But for now it seems dead (at least, I haven't heard any news of a revival this year - though I wonder what they did with all the sheds.)
 

millerm277

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As a younger person, and someone who is naturally a bit of a night owl, closing time in Boston is a fairly substantial issue to me. In other places I've lived I typically wouldn't even go to a bar until midnight or so. That doesn't work out too well in Boston. I don't demand that bars shouldn't open until 11PM because that's what time I want to start visiting one, but mandating an early closing time is frustrating to me and generally hinders nightlife in the city.

I obviously don't believe every bar in every neighborhood should be open 24/7, but there's certainly plenty of places in the city that could have a far later closing time and don't even have residential neighbors to potentially annoy. The state-enforced time should be pushed later and decisions beyond that should rest with local government.

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The liquor licensing issues (not enough licenses, exorbitant prices for licenses) in Boston are also something that continues to exacerbate equity problems, and seems to go under appreciated. To my knowledge, Mattapan still does not have a single establishment with a liquor license.

The varied neighborhoods and squares are a big part of Boston, and that many of the poorer sections of the city basically don't have any local nightlife options (and neighborhood/middle class options are hollowing out as well) isn't a problem that should be laughed off/treated as a minor concern in terms of quality of life.

If the license costs $450k and is good anywhere, you have to use it to serve $25 cocktails in Back Bay, not letting neighborhood residents drink a $2 beer and eat some wings while watching the game with their neighbors.
 

guitarguynboston

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I think before we try to get later bar closing times we need the T to extend their hours and I don't mean the mess they created before with the night owls. When I was younger everyone would go to the bars between 11pm and midnight. When I was living in Malden I can't tell you how hard it was to hangout with some of my friends in Boston. If you were lucky enough to find an available cab after the bars closed you still had to pay an arm and a leg to head home.
 

George_Apley

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I think it's established that we have a lot of agreement here with regard to:
  • Freeing up more liquor licenses. Maybe with geo-tag going along with them.
  • Extending hours for bars/clubs in certain neighborhoods/districts.
  • Legalizing deals on alcoholic bevs.
  • Extending the T's hours to accommodate later business hours.
Supporting all of that, I still think that the "fun=alcohol" mindset is both narrow and revealing.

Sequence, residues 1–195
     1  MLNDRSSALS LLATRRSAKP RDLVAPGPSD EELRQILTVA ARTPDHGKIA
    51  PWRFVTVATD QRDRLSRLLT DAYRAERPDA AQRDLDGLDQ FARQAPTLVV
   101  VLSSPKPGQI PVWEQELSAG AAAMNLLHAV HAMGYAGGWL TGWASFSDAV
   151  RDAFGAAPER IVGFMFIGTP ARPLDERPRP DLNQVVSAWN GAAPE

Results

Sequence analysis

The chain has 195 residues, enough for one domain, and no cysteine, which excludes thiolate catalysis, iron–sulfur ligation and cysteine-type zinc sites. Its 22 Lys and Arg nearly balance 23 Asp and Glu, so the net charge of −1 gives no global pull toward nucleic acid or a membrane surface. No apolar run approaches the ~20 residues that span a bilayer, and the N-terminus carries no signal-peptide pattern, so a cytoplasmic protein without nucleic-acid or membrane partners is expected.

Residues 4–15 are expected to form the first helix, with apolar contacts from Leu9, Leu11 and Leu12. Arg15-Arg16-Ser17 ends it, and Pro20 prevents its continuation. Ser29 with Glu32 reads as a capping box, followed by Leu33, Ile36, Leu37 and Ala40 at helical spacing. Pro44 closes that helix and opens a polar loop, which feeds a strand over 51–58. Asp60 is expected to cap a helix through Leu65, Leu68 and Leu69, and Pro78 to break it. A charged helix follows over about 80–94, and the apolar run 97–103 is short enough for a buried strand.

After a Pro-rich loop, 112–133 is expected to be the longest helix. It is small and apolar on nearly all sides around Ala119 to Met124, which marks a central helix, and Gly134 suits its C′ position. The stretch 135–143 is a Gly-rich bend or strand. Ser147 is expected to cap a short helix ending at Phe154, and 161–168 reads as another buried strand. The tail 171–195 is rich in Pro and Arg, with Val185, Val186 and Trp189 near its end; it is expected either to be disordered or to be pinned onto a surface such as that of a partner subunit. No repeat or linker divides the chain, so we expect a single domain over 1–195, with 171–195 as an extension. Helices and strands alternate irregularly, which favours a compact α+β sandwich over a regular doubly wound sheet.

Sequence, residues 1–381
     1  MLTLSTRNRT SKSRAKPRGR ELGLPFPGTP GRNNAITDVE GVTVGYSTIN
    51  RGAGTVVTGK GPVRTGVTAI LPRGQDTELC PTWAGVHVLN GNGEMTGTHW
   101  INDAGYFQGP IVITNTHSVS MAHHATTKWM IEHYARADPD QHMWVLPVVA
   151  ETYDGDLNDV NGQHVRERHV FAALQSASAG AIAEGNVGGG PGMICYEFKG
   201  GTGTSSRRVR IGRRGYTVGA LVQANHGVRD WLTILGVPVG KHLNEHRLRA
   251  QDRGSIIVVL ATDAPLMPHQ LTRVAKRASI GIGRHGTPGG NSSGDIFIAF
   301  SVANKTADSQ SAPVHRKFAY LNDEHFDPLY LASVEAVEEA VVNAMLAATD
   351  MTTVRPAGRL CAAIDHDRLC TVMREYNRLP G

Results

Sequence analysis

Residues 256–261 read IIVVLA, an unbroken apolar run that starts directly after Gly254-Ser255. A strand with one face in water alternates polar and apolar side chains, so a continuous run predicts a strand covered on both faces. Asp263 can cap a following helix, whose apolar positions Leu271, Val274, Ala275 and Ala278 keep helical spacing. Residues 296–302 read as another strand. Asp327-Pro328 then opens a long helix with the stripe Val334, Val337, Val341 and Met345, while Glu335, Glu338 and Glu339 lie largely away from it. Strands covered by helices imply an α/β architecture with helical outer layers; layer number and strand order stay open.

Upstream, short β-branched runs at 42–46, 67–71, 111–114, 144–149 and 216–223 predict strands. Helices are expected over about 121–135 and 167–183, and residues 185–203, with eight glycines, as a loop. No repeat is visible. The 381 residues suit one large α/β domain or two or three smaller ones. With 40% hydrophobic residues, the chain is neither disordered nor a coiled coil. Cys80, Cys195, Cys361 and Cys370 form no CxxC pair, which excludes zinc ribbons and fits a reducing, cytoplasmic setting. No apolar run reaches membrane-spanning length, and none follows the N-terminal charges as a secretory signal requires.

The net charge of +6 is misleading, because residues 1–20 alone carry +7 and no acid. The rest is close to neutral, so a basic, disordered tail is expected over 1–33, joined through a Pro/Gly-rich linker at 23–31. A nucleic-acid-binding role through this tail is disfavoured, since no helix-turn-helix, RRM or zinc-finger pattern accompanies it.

bakgwailo

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As a younger person, and someone who is naturally a bit of a night owl, closing time in Boston is a fairly substantial issue to me. In other places I've lived I typically wouldn't even go to a bar until midnight or so. That doesn't work out too well in Boston. I don't demand that bars shouldn't open until 11PM because that's what time I want to start visiting one, but mandating an early closing time is frustrating to me and generally hinders nightlife in the city.

I obviously don't believe every bar in every neighborhood should be open 24/7, but there's certainly plenty of places in the city that could have a far later closing time and don't even have residential neighbors to potentially annoy. The state-enforced time should be pushed later and decisions beyond that should rest with local government.

-----------

The liquor licensing issues (not enough licenses, exorbitant prices for licenses) in Boston are also something that continues to exacerbate equity problems, and seems to go under appreciated. To my knowledge, Mattapan still does not have a single establishment with a liquor license.

The varied neighborhoods and squares are a big part of Boston, and that many of the poorer sections of the city basically don't have any local nightlife options (and neighborhood/middle class options are hollowing out as well) isn't a problem that should be laughed off/treated as a minor concern in terms of quality of life.

If the license costs $450k and is good anywhere, you have to use it to serve $25 cocktails in Back Bay, not letting neighborhood residents drink a $2 beer and eat some wings while watching the game with their neighbors.
Preface this that I am for extending bar hours, but, I will also point out that Boston's current hours are more in line with most of the rest of the country than cities with hours past ~2am.

Fully agree on licensing, although I would say it extends way past nightlight options and that it stifles and seriously hurts Boston's restaurant scene, too.